Understanding When & Why Cats Have Petting Aggression

This type of behavior in cats is usually quite confusing to owners. Initially, the cat acts like it enjoys the physical contact and may even purr and rub against the person. However, after a variable period of time, the cat may become agitated and turn and bite the hand that is petting it. Usually these bites are inhibited, but they can be injurious and severe in some cases.

This has often been called the “go away” bite. What appears to be happening is that for a period of time the cat enjoys the interaction, but at some point the physical sensation of being stroked and scratched is no longer pleasant. The cat then endeavors to change the situation by an aggressive outburst.

For some cats, it is important to realize that interaction with the owner may not always be a solicitation for petting. Sitting nearby or on the lap may not mean that the cat desires petting. Subtle signs of a change in motivation are usually present, but owners often miss these signs that the cat no longer wants physical contact. 

The cat may show very slight changes in body posture including tail twitching, body tensing, dilated pupils, or ear movements such as flattening the ears against the head, or more obvious signs such as growling or hissing. In some cases, if you stop all physical interactions, the cat will become calmer and will not bite. In other situations, the cat may bite and then move away or leave the situation.

The behavior is often directed toward familiar people, but can also be displayed toward unfamiliar people. Fear is the most likely cause if the cat does not allow any petting or interaction by strangers.

Anxiety, pain, or skin conditions may all be contributory in a cat that resists physical contact. Dental disease or other metabolic conditions or illness may increase irritability and lower the cat’s threshold for aggressive responses and tolerance to handling. If the behavior is new, a veterinary examination for medical causes is warranted. For some cats, it is important to realize that interaction with the owner may not always be a solicitation for petting. If the cat was not handled as a young kitten, or was poorly socialized, it may not be familiar with nor desire physical contact with people.

Once this behavior begins, owners will respond to the cat’s bites in one of a number of ways. If you respond by no longer petting the cat, you will reinforce the cat for biting. If you punish your cat or become increasingly upset or anxious, you may add to the problem, since the cat may allow petting in the future but also be anxious and nervous at the same time. This is known as conflict behavior (competing motivations).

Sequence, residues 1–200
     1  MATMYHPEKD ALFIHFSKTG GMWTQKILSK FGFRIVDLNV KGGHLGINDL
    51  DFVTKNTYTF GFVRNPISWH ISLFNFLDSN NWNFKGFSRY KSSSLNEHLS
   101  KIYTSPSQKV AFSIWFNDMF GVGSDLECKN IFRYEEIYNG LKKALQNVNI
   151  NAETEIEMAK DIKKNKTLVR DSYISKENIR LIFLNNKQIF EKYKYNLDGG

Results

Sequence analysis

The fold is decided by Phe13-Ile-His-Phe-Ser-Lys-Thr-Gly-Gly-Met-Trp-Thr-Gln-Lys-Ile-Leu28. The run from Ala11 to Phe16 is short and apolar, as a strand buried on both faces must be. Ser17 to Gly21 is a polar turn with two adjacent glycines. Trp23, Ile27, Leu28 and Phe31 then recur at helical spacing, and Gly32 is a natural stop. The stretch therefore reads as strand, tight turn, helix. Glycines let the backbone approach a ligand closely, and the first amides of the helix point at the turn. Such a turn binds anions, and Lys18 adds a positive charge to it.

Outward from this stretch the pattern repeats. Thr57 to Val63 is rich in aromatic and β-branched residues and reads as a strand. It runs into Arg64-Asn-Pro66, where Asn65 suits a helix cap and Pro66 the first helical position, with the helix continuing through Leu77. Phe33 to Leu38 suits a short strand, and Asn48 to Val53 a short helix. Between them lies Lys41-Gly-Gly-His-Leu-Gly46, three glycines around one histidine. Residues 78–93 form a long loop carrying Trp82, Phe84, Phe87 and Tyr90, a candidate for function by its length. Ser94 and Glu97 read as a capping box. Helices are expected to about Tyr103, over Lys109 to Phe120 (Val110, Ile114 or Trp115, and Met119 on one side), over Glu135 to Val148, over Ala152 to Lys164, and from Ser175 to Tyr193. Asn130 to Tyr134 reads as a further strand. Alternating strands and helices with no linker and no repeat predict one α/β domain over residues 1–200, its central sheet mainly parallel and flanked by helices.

The first step is to become aware of the warning signals that the cat gives as it is becoming agitated (e.g., twitching tail, ears back, dilated pupils). At the very first sign of these signals, all petting and physical contact must cease. In some cases, this will prevent the aggression from escalating and may be enough to control the problem.

In other situations, it may be possible to teach the cat to tolerate increased physical contact without an aggressive response. This entails identifying the threshold for the aggressive response (i.e., “how many” or “for how long” the petting is tolerated before the cat begins to become agitated). The goal is to stop petting the cat before that threshold is reached, and to reward the cat with a tasty food tidbit for tolerance of petting. If the cat shows aggression, the petting session must be stopped. Over time it may be possible to increase the number of “pats” before the cat no longer tolerates the interactions.

In some circumstances, it is more realistic to understand and embrace the type of interaction that the cat desires. For some cats, this means that the cat sits close by or even on your lap without physical contact. Other cats may tolerate light scratching around the neck and chin rather than long strokes down the back and sides.

Petting interactions can be supplemented or replaced with other types of interactions that are mutually satisfying to the owner and the cat. These might include playtime with toys, teaching tricks, or playing games.

At no time should you yell at the cat or use physical punishment. These actions will tend to increase anxiety, fear, and arousal rather than teach the cat not to be agitated. If the cat begins to show anxiety or aggression, calmly but quietly leave the area even if it means slowly standing up and allowing the cat to jump off your lap.

For some cats the use of pheromone diffusers (Feliway®) are quite calming and may be a useful adjunct to treatment. Keeping the cat’s nails trimmed may also diminish injury. If the problem is severe, the cat may need to be confined away from small children and people with physical disabilities or immunocompromised status.

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